Satellites

Stifler's Mom

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Had somebody ask me if I had ever seen satellites in the sky while flying. I thought he was crazy until he actually pointed some out to me.

If you ever have the opportunity to see them, I highly recommend it. I was pretty amazed at being able to see them orbiting the Earth.

I guess they are only viewable when the sun is rising and you are still flying in the dark. We were heading East as the sun was rising.
 

Immelman

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I have seen them several times, once on a very dark night (not flying) I counted 3-4 go by in the space of 15 minutes.
 

NCFlyer

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Can't say I watched satellites go by, but have watched the Space Station & Shuttle fly over many times.

Here is a link that provides real time satellite, Space Station, and Shuttle (when in orbit) tracking.

http://science.nasa.gov/realtime/
 

mar

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City Boy

Stifler's Mom said:
Had somebody ask me if I had ever seen satellites in the sky while flying. I thought he was crazy until he actually pointed some out to me.

You're obviously a city boy. That's ok. I am too. The first time I ever had a satellite pointed out to me I was pissey-eyed drunk in the middle of the night on the football field at ERAU PRC.

Actually that night was the first time I ever saw the Milky Way too.

But yeah, I've since seen satellites while flying.

It's the Green Flash I'm still waiting to see.
 

Immelman

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mar said:
It's the Green Flash I'm still waiting to see.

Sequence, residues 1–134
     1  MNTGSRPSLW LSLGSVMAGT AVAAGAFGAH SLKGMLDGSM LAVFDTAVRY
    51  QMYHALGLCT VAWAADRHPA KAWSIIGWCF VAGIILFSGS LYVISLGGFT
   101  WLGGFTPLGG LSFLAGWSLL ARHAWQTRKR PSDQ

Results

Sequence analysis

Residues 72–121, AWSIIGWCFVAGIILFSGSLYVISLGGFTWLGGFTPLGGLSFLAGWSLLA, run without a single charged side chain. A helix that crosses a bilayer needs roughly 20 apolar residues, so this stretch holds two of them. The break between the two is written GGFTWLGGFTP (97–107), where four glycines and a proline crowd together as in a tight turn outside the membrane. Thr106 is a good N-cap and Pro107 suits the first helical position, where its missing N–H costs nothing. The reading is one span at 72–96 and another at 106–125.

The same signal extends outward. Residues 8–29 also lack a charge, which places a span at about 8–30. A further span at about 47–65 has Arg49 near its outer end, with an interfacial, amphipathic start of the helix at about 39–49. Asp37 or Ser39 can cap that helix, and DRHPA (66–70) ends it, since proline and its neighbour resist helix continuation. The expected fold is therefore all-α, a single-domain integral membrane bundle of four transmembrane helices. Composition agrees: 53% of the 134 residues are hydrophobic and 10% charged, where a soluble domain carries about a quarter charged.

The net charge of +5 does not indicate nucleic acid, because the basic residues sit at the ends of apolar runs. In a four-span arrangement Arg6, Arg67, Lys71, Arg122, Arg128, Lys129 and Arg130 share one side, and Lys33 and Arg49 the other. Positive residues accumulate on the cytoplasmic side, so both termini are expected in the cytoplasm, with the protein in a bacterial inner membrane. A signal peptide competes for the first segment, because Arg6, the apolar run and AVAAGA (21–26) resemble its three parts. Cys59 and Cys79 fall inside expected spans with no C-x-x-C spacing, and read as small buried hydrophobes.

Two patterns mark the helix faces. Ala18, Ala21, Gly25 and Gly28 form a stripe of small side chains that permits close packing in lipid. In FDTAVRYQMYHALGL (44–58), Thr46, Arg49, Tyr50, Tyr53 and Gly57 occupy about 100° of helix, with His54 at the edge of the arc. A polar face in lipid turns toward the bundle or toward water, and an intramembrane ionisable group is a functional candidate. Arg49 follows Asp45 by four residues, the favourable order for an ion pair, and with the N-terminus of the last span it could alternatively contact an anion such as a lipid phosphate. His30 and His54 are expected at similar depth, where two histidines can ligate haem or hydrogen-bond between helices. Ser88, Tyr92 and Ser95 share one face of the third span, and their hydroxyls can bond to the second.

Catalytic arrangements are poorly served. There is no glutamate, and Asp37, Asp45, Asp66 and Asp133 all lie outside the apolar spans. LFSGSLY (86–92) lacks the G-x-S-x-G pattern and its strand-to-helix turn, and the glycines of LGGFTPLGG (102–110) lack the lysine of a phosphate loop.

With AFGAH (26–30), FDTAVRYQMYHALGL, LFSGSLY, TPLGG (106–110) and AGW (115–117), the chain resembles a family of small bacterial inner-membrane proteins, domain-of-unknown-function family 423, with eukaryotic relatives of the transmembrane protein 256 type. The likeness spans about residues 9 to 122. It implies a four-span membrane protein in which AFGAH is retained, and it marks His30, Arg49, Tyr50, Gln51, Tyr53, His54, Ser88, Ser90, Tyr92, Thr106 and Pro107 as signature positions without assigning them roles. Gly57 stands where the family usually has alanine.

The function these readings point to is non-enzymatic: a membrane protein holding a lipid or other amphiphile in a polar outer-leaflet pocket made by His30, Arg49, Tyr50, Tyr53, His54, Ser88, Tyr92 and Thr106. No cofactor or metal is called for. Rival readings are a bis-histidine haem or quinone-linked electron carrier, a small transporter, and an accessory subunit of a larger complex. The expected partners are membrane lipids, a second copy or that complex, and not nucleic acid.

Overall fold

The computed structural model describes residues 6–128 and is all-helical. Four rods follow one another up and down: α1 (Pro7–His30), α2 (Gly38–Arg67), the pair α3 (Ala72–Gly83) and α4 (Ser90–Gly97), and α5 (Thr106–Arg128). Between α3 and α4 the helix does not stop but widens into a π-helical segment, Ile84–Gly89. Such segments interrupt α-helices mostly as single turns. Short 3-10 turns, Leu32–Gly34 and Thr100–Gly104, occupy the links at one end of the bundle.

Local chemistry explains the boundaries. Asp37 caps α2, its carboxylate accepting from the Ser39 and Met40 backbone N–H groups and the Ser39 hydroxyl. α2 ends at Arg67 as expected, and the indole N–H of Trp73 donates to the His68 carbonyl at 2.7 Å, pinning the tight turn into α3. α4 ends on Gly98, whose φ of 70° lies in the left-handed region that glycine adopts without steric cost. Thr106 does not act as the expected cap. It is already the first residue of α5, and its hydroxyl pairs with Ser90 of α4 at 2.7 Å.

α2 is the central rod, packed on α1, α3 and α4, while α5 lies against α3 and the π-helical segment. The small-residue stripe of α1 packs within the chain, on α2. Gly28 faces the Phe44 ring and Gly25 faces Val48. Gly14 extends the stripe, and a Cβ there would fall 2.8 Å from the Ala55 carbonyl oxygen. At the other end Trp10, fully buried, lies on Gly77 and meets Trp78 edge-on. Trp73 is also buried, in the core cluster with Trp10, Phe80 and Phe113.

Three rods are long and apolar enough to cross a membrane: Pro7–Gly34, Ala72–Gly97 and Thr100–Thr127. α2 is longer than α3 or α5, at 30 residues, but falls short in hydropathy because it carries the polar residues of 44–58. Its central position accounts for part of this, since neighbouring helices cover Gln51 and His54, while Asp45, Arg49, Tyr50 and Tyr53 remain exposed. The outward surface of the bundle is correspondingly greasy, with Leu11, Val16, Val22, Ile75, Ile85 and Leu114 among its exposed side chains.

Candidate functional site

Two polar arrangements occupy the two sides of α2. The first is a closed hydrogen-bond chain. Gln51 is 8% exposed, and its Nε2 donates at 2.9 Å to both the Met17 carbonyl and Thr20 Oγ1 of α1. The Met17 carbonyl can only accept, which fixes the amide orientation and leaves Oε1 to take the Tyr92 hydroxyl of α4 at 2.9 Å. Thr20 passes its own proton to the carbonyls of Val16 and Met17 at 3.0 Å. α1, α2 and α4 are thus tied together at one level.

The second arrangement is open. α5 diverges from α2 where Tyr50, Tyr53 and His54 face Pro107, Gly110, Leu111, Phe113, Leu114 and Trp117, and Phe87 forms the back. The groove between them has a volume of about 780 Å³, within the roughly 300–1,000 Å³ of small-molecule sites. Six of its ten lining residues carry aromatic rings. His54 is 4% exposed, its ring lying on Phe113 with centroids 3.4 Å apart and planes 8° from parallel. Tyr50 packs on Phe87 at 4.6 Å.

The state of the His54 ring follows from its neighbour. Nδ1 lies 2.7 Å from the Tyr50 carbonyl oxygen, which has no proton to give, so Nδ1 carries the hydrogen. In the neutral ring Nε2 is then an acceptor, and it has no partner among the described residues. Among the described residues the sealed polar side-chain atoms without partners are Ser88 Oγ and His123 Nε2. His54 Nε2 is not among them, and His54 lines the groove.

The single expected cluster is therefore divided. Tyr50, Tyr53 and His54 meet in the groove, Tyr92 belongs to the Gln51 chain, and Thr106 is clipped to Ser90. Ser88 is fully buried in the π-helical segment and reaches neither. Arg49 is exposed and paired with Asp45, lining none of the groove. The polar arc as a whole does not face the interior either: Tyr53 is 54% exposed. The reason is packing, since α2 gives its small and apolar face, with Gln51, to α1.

I grew up on the island of hawai'i... a place that you expect to see the green flash often. I only remember seeing it being *really* green once.
 

typhoonpilot

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Satellites - Check

Green Flash - Check

Little green men - I'll have to get "pissy-eyed drunk" for that. :beer:



TP
 

starchkr

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Satelites can be seen from sundown to sunup(nightly occurance for us)...the space station is cool as well...Northern lights can be just amazing at 3 am, all the colors you can imagine, and shooting over you like wildfire.

Wait till you see the rotating satelites, they look like a strobe light as they catch the light every few seconds...I have talked with a few fellow pilots who actually asked ATC if they had traffic, of course ATC then begins to freak out because they cannot locate that "traffic" on their screens. Myself, i don't think i would actually ask if they were traffic, you can tell they are WAYYYY out there, and couldn't possibly be another a/c.
 

Counselair

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I can't remember which way they go but I read somewhere that spy sats. go north and south and commercial ones go east and west or vice versa.

Counselair
 

VNugget

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That's true... if the orbital plane is aligned North/South (high inclination) they "sweep" through every latitude each orbit, and since the Earth rotates, every orbit they "sweep" through a new slice, and in a 12 hour period they have covered all of Earth's surface, and can see everybody's dirty secrets.

Orbiting East/West (low inclinatin) can allow a geosynchronous orbit, which is useful for communications and weather satellites.
 

SiuDude

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I've seen many Iridium flares. A cool way to freak out your date, because you know when they're coming.
 

jknight8907

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Oh yeah, I've seen them a lot. Also lots of shooting stars.
 

pilotmiketx

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starchkr said:
Satelites can be seen from sundown to sunup(nightly occurance for us)....

Don't ya mean 30 minutes after official sunset to 30 minutes before official sunrise as reported in the Airman's Almanac :)
 

mar

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Space station?

starchkr said:
...the space station is cool as well...

How can you tell the Space Station from an ordinary satellite?